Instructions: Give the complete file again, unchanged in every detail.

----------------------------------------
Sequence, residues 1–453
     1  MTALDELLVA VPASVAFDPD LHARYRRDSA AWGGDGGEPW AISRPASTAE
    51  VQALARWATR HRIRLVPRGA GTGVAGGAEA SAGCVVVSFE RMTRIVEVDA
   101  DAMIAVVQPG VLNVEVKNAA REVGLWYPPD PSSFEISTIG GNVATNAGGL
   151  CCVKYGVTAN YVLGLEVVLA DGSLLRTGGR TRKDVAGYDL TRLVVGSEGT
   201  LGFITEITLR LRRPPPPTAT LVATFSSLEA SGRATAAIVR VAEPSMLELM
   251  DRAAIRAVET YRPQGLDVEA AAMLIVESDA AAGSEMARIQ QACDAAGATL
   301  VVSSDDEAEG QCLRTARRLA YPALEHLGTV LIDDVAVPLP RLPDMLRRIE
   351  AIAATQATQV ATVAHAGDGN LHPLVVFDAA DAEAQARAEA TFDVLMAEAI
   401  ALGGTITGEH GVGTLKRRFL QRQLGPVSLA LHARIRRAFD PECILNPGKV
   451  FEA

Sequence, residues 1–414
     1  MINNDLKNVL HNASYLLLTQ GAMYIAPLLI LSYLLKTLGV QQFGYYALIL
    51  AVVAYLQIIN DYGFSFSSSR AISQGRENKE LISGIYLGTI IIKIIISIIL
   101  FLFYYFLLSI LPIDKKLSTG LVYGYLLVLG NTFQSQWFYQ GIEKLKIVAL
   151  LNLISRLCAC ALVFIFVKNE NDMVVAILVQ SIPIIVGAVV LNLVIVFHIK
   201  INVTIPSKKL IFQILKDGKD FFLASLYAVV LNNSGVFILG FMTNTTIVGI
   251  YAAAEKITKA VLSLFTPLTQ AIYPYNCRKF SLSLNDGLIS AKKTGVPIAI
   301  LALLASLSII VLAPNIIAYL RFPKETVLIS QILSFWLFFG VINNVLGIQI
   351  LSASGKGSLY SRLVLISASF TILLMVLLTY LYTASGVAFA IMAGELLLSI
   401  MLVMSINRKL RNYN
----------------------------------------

Sequence, residues 1–453
     1  MTALDELLVA VPASVAFDPD LHARYRRDSA AWGGDGGEPW AISRPASTAE
    51  VQALARWATR HRIRLVPRGA GTGVAGGAEA SAGCVVVSFE RMTRIVEVDA
   101  DAMIAVVQPG VLNVEVKNAA REVGLWYPPD PSSFEISTIG GNVATNAGGL
   151  CCVKYGVTAN YVLGLEVVLA DGSLLRTGGR TRKDVAGYDL TRLVVGSEGT
   201  LGFITEITLR LRRPPPPTAT LVATFSSLEA SGRATAAIVR VAEPSMLELM
   251  DRAAIRAVET YRPQGLDVEA AAMLIVESDA AAGSEMARIQ QACDAAGATL
   301  VVSSDDEAEG QCLRTARRLA YPALEHLGTV LIDDVAVPLP RLPDMLRRIE
   351  AIAATQATQV ATVAHAGDGN LHPLVVFDAA DAEAQARAEA TFDVLMAEAI
   401  ALGGTITGEH GVGTLKRRFL QRQLGPVSLA LHARIRRAFD PECILNPGKV
   451  FEA

Sequence, residues 1–414
     1  MINNDLKNVL HNASYLLLTQ GAMYIAPLLI LSYLLKTLGV QQFGYYALIL
    51  AVVAYLQIIN DYGFSFSSSR AISQGRENKE LISGIYLGTI IIKIIISIIL
   101  FLFYYFLLSI LPIDKKLSTG LVYGYLLVLG NTFQSQWFYQ GIEKLKIVAL
   151  LNLISRLCAC ALVFIFVKNE NDMVVAILVQ SIPIIVGAVV LNLVIVFHIK
   201  INVTIPSKKL IFQILKDGKD FFLASLYAVV LNNSGVFILG FMTNTTIVGI
   251  YAAAEKITKA VLSLFTPLTQ AIYPYNCRKF SLSLNDGLIS AKKTGVPIAI
   301  LALLASLSII VLAPNIIAYL RFPKETVLIS QILSFWLFFG VINNVLGIQI
   351  LSASGKGSLY SRLVLISASF TILLMVLLTY LYTASGVAFA IMAGELLLSI
   401  MLVMSINRKL RNYN